Increasing the information available to coroners: the effect on autopsy decision-making

Article


Carpenter, Belinda, Tait, Gordon, Barnes, Michael, Adkins, Glenda, Naylor, Charles and Begum, Nelufa. 2009. "Increasing the information available to coroners: the effect on autopsy decision-making." Medicine Science and the Law. 49 (2), pp. 101-108. https://doi.org/10.1258/rsmmsl.49.2.101
Article Title

Increasing the information available to coroners: the effect on autopsy decision-making

ERA Journal ID34330
Article CategoryArticle
AuthorsCarpenter, Belinda (Author), Tait, Gordon (Author), Barnes, Michael (Author), Adkins, Glenda (Author), Naylor, Charles (Author) and Begum, Nelufa (Author)
Journal TitleMedicine Science and the Law
Journal Citation49 (2), pp. 101-108
Number of Pages8
Year2009
Place of PublicationLondon, United Kingdom
ISSN0025-8024
Digital Object Identifier (DOI)https://doi.org/10.1258/rsmmsl.49.2.101
Web Address (URL)http://msl.rsmjournals.com/content/49/2/101
Abstract

This paper details research completed in 2007 which investigated autopsy decision-making in a death investigation. The data was gathered during the first year of operation in Queensland, Australia, of a new Coroners Act which changed the process of death investigation in three ways which are important to this paper. First, it required a greater amount of information to be gathered at the scene by police: this included a thorough investigation of the circumstances of the death, including statements from witnesses, friends and family, as well as evidence gathering at the scene. Second, it required coroners, for the first time, to determine the level of invasiveness required in the autopsy to complete the death investigation. Third, it enabled any genuine family concerns to be communicated to the coroner. The outcome of such information was threefold: (i) a greater amount of information offered to the coroner led to a decrease in the number of full internal autopsies ordered, but an increase in the number of partial internal autopsies ordered; (ii) this shift in autopsy decision-making by coroners saw certain factors given greater importance than others in decisions to order full internal, or external only, autopsies; (iii) a raised family concern had a significant impact on autopsy decision-making and tended to decrease the invasiveness of the autopsy ordered by the coroner.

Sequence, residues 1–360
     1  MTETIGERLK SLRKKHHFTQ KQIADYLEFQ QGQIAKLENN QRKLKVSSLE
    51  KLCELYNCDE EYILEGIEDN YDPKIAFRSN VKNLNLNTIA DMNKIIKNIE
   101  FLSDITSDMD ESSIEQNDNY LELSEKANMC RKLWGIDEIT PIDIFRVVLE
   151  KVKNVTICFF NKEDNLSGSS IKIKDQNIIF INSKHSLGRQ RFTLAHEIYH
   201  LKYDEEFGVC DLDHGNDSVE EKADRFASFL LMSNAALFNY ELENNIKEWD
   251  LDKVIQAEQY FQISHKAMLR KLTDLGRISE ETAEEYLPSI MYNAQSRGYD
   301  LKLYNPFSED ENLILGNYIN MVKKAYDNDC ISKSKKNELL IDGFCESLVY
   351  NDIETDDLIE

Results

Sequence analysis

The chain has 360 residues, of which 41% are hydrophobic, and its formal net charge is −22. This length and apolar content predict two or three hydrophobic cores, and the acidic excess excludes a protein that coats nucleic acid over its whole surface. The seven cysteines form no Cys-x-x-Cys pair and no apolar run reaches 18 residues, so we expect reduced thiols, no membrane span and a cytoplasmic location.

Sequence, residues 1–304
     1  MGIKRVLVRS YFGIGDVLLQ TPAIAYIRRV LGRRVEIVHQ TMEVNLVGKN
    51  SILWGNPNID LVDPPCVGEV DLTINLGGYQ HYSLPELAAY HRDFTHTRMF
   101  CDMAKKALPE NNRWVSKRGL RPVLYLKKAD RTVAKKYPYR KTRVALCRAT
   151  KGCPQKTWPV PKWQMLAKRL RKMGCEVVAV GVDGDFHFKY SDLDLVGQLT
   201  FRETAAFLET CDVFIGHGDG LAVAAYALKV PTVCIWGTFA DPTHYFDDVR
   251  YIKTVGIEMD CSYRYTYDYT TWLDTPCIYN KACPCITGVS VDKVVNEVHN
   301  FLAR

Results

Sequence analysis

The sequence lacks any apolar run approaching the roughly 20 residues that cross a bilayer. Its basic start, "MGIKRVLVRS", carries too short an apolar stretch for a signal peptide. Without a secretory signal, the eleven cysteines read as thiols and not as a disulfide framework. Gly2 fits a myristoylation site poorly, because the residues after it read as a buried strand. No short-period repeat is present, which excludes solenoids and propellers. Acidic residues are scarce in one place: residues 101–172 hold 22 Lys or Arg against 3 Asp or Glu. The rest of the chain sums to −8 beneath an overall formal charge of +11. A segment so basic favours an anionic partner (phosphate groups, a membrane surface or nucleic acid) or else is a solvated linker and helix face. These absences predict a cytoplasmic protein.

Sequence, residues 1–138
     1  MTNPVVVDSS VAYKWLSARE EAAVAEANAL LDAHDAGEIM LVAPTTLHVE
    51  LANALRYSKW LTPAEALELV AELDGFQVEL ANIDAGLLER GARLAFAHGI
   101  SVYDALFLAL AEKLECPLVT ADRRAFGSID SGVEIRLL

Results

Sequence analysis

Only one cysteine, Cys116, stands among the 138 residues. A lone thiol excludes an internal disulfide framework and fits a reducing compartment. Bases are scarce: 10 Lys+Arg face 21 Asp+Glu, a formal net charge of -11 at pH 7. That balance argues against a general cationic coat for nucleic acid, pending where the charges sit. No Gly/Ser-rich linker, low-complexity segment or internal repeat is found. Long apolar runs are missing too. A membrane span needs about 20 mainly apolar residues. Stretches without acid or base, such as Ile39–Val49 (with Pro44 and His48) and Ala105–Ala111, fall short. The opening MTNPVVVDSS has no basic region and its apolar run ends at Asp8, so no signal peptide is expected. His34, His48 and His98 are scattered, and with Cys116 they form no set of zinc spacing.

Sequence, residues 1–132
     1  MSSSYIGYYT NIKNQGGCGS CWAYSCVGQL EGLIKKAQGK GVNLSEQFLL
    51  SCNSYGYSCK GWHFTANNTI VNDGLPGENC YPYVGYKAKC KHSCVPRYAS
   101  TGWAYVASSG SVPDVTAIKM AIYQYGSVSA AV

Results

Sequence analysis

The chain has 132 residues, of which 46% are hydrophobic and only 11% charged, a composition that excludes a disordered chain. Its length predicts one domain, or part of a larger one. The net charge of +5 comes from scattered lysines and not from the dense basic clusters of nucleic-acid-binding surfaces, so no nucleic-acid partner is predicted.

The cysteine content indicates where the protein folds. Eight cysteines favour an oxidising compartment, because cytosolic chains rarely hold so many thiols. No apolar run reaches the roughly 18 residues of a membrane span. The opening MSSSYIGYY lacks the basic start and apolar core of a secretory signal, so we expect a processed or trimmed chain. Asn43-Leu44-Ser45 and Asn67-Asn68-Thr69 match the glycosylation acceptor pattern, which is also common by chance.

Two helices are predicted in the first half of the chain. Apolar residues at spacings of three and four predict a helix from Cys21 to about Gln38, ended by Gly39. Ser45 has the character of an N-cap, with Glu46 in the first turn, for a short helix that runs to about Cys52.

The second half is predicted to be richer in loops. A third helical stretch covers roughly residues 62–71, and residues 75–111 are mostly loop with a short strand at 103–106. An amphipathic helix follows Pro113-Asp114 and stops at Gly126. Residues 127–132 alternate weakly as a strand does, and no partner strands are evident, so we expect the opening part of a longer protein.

KeywordsQueensland laws; autopsy; cause of death; coroner; decision making; human; legal aspect
ANZSRC Field of Research 2020319901. Forensic biology
320220. Pathology (excl. oral pathology)
500311. Philosophical psychology (incl. moral psychology and philosophy of action)
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Byline AffiliationsQueensland University of Technology
Queensland State Coroner Office, Australia
School of Management and Marketing
Department of Health, Queensland
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